Golda Meir was an Israeli teacher, kibbutznik and politician who became the fourth Prime Minister of Israel in 1969. Israel’s first and the world’s third woman to hold such an office, she was described as the “Iron Lady” of Israeli politics years before the epithet became associated with British Prime Minister Margaret Thatcher.Former Prime Minister David Ben-Gurion used to call Meir “the best man in the government”; she was often portrayed as the “strong-willed, straight-talking, grey-bunned grandmother of the Jewish people”. A famous quote by Golda Meir: “Peace will come when the Arabs will love their children more than they hate us.”

WOMEN who KICK ASS1(From right to left)

Ellen  Johnson Sirleaf. Africa’s first female President (Liberia) and 2011 Nobel Peace Prize winner. Her work has had a significant impact on women’s rights and peace movement. Prize motivation: “for their non-violent struggle for the safety of women and for women’s rights to full participation in peace-building work.”

Margaret Cho. Korean American comedian and women’s rights activist. She is best known for her stand-up routines, through which she critiques social and political problems, especially those pertaining to race and sexuality.

Gloria Steinman. A leader of the Women’s Liberation Movement in the late 1960s and 1970s, Steinman helped create both New York and Ms. magazines, and helped form the National Women’s Political Caucus. An intelligent, independent woman who cleared the path for all us writers!

WOMEN who KICK ASS1(From left to right)

Ayaan Hirsi. Ali is a Somali-Dutch feminist and atheist activist, writer and politician who is known for her views critical of Islam. She wrote the screenplay for Theo van Gogh’s movie Submission, after which she and the director both received death threats, and the director was murdered. The daughter of the Somali politician and opposition leader Hirsi Magan Isse, she is a founder of the women’s rights organisation the AHA Foundation. On visiting Israel she said: “My main impression was that Israel is a liberal democracy. In the places I visited, including Jerusalem as well as Tel Aviv and its beaches, I saw that men and women are equal.”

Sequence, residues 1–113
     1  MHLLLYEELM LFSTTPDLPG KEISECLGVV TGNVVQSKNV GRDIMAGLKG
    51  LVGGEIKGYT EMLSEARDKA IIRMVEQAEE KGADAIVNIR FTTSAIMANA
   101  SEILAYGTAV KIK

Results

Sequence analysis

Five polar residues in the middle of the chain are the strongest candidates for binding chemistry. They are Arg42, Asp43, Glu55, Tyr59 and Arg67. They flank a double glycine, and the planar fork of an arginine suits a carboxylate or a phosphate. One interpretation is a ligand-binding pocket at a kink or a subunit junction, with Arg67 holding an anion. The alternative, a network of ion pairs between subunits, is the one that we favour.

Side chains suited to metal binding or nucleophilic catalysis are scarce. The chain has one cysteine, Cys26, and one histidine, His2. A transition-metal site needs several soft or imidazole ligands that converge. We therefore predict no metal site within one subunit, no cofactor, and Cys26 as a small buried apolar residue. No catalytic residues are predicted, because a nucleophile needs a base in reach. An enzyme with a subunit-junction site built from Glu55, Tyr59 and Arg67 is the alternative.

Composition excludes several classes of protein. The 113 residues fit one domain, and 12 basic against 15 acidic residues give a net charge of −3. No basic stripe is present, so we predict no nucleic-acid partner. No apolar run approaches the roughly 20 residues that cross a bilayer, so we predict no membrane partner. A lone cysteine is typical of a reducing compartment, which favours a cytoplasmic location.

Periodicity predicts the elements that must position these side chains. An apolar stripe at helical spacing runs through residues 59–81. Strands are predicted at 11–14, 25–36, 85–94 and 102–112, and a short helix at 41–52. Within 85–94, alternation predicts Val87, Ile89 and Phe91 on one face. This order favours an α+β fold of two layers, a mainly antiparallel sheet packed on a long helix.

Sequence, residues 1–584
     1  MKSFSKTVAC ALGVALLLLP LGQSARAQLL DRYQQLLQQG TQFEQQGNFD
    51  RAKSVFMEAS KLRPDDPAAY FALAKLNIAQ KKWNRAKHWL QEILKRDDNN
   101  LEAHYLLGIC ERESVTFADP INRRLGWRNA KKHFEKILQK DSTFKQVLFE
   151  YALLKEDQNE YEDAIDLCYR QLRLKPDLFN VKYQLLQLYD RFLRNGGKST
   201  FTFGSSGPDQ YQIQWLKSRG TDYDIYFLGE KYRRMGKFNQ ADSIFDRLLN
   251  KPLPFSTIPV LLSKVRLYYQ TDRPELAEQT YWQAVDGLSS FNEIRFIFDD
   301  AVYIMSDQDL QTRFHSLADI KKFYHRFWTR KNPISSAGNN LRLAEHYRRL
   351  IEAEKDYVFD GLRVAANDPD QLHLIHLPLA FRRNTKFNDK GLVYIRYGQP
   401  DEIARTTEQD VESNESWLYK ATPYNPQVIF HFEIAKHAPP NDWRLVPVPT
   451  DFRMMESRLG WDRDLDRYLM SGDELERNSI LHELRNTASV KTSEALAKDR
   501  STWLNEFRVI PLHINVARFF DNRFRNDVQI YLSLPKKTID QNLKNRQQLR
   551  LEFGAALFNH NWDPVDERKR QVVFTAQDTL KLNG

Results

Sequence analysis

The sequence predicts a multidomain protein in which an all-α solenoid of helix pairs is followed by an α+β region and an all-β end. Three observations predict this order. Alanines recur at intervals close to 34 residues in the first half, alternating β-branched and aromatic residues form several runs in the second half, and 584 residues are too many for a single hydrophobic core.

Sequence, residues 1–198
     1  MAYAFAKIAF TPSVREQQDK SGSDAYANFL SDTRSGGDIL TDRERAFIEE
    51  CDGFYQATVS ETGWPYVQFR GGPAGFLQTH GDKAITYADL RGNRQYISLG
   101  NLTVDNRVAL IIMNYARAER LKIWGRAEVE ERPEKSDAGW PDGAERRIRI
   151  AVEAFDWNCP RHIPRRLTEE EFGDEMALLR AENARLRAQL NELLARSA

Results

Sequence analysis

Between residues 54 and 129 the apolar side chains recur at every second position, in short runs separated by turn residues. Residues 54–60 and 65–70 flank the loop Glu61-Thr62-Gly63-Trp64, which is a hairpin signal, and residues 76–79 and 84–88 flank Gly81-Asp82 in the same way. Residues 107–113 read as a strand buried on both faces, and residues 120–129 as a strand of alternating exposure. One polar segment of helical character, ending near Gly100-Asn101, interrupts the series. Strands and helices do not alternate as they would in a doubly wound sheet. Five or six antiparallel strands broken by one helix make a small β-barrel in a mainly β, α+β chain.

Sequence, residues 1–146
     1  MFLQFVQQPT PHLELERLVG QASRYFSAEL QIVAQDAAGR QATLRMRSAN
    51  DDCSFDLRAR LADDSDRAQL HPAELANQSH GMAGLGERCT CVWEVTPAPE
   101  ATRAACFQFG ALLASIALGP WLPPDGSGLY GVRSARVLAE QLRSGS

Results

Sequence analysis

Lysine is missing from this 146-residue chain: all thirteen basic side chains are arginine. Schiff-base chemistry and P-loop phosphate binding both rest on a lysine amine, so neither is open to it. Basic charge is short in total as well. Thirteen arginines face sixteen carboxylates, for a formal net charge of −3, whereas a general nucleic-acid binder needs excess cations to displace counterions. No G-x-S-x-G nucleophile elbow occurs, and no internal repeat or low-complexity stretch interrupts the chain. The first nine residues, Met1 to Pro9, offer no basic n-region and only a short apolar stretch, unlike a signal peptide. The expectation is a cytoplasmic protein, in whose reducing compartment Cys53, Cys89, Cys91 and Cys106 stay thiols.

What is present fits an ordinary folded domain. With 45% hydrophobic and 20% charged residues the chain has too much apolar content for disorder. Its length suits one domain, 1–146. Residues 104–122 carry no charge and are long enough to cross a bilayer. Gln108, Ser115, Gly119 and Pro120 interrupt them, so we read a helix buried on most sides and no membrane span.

Coretta Scott King. Civll and Women’s Rights activist and the widow of Civil Rights Leader Dr. Martin Luther King Jr. During a solidarity speech in 1968, she called for women to “unite and form a solid block of women power to fight the three great evils of racism, poverty and war”.

Manal al-Sharif. principal campaigner for women’s rights in Saudi Arabia. One of her more famous campaigns is the 2011 women driving campaign, for which she was arrested for a week.

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Amelia Earheart. The first female pilot to fly solo across the Atlantic Ocean. “One of my favorite phobias is that girls, especially those whose tastes aren’t routine, often don’t get a fair break. It has come down through the generations, an inheritance of age-old customs which produced the corollary that women are bred to timidity.” She disappeared during an attempt to make a circumnavigational flight of the globe in 1937.

Eleanor Roosevelt. “Great minds discuss ideas; average minds discuss events; small minds discuss people.” Roosevelt was a controversial First Lady for her outspokenness, particularly for her stands on racial issues. She was the first presidential spouse to hold press conferences, write a syndicated newspaper column, and speak at a national convention. She advocated for expanded roles for women in the workplace, the civil rights of African Americans and Japanese Americans, and the rights of World War II refugees.

Benazir Bhutto. The first woman to lead a Muslim country in modern history and become prime minister of Pakistan.

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Hilary Rodham Clinton. American Politician. Her famous speech in Beijing in 1995, in which she declared that “human rights are women’s rights, and women’s rights are human rights”, inspired women worldwide and helped galvanize a global movement for women’s rights.

Shirley Chisholm. First black female elected to Congress. She later became the first major-party black candidate for President of the United States and the first woman to run for the Democratic presidential nomination.

Ruth Bader Ginsburg. The second female justice (after Sandra Day O’Connor) and the first Jewish female justice. Before becoming a judge, Ginsburg spent a considerable portion of her legal career as an advocate for the advancement of women’s rights as a constitutional principle.

Happy Women’s day to all us women!

Marilyn & Josephine